About 4,000 people were stranded in the Hérault department, which was on red alert Tuesday morning, while the neighbouring Aude, Gard and Pyrénées-Orientale were on orange alert.
The government was set to declare a natural catastrophe in the Hérault, which was worst hit.
After a brief respite, the deluge was expected to start again as rain moved up the coast from Spain.
Hundreds of rail passengers spent the night sleeping in Montpellier’s railway station, some in carriages provided by the rail company, 500 people were stuck overnight in the airport, a concert hall was transformed into a dormitory and about 1,000 students had to sleep their schools and colleges.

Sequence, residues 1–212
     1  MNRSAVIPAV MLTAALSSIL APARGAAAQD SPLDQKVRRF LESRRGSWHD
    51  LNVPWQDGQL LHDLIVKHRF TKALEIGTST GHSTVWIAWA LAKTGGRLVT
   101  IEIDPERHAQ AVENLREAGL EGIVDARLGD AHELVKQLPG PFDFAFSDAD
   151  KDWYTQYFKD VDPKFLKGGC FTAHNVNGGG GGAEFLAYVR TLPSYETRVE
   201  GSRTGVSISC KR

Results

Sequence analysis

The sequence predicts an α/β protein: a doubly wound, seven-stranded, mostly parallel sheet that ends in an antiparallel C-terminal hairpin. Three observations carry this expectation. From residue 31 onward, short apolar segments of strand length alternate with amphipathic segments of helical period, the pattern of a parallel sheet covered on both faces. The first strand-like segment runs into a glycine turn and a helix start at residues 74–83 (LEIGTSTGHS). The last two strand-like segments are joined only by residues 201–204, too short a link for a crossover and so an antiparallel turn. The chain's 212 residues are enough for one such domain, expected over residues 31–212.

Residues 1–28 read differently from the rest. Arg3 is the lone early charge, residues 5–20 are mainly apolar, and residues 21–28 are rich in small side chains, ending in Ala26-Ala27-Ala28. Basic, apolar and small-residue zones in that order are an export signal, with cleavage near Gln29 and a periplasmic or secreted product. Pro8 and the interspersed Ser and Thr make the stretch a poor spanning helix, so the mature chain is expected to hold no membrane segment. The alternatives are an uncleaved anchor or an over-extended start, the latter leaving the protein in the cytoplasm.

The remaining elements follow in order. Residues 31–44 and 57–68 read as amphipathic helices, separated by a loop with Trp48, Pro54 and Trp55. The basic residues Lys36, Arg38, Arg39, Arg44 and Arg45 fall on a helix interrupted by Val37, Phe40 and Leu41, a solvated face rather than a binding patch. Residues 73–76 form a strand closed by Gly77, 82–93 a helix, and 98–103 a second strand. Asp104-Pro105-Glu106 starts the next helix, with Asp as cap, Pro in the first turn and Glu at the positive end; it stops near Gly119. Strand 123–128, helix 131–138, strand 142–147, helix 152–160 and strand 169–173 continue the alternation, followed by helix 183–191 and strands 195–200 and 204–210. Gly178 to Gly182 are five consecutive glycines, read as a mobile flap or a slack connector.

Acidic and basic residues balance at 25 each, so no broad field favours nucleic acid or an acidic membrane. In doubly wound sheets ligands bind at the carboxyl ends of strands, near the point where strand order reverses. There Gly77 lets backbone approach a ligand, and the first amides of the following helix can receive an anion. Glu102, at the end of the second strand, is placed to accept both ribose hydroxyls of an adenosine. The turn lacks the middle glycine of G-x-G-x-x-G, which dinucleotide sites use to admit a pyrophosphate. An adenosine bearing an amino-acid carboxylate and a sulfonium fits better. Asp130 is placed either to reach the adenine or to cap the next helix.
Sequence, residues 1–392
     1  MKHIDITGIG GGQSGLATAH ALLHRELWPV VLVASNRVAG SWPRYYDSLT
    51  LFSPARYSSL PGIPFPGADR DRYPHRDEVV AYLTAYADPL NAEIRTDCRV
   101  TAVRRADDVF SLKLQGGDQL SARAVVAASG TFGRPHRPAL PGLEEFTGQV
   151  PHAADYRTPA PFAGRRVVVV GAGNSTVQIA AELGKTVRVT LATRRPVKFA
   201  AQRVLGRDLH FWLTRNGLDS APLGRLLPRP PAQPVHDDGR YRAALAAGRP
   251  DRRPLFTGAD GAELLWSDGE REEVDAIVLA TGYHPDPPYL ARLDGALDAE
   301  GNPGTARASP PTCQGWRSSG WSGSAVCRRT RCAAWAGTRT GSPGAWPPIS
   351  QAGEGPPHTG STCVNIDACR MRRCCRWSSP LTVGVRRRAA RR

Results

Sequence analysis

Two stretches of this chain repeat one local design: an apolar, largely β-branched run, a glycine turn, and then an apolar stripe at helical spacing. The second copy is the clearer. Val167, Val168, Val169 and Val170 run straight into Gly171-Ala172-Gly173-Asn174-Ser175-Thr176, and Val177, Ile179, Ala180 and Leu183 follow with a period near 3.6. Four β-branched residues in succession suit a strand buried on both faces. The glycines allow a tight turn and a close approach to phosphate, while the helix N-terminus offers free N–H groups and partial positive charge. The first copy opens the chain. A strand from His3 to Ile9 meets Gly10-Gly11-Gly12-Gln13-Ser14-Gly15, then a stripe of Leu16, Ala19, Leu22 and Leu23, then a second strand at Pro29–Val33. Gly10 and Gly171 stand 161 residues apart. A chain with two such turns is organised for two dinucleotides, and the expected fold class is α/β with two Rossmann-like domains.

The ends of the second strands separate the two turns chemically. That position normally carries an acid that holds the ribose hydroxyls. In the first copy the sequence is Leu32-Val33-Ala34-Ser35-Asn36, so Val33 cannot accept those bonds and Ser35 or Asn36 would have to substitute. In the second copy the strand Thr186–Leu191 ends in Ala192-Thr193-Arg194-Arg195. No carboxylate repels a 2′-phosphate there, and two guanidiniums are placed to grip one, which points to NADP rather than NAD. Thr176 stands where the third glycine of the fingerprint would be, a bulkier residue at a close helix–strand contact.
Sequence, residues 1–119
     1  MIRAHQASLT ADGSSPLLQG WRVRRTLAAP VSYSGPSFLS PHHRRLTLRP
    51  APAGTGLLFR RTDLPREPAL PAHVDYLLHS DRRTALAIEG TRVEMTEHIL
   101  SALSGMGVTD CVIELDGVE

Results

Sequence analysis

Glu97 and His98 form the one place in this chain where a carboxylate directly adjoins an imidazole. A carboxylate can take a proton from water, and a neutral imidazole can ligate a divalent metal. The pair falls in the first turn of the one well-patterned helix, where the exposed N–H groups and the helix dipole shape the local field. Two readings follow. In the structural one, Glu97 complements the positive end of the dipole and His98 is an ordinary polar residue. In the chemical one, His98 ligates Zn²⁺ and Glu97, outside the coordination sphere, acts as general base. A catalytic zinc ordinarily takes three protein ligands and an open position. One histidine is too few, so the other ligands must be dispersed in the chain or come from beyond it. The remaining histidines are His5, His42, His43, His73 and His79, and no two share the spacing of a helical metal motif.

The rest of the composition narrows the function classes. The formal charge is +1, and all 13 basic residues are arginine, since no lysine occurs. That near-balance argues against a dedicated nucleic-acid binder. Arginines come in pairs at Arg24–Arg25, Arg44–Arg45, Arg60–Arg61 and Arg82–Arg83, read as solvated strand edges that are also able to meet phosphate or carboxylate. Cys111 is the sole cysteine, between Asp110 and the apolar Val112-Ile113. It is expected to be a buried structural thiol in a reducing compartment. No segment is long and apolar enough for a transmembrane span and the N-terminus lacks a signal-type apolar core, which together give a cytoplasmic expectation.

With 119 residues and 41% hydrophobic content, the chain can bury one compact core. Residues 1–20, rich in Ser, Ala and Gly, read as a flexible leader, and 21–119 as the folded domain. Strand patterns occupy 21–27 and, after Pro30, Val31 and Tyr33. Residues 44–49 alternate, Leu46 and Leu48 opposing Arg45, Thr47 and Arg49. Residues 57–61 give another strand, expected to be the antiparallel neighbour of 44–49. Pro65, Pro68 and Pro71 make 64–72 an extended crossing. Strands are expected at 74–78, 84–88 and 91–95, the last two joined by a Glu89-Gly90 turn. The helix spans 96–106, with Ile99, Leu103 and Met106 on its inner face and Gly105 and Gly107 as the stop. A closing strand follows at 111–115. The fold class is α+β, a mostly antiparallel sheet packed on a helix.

The Red Cross and the army supplied camp beds and meals and the more than 1,500 firefighters and police who were mobilised for rescue efforts were called out 1,200 times.
Traffic was brought to a standstill by floods in the city streets as the River Lez burst its bankd on Monday afternoon and one intrepid resident rowed a kayak down a street near the old town.
Rainfall reaching 300mm in some places led to waterlogged soil in much of the area, leading the authorities to maintain the red alert ahead of the expected new downfall.
Ten days ago four people died in nearby Lamalou-les-Bains and another in the Aveyron.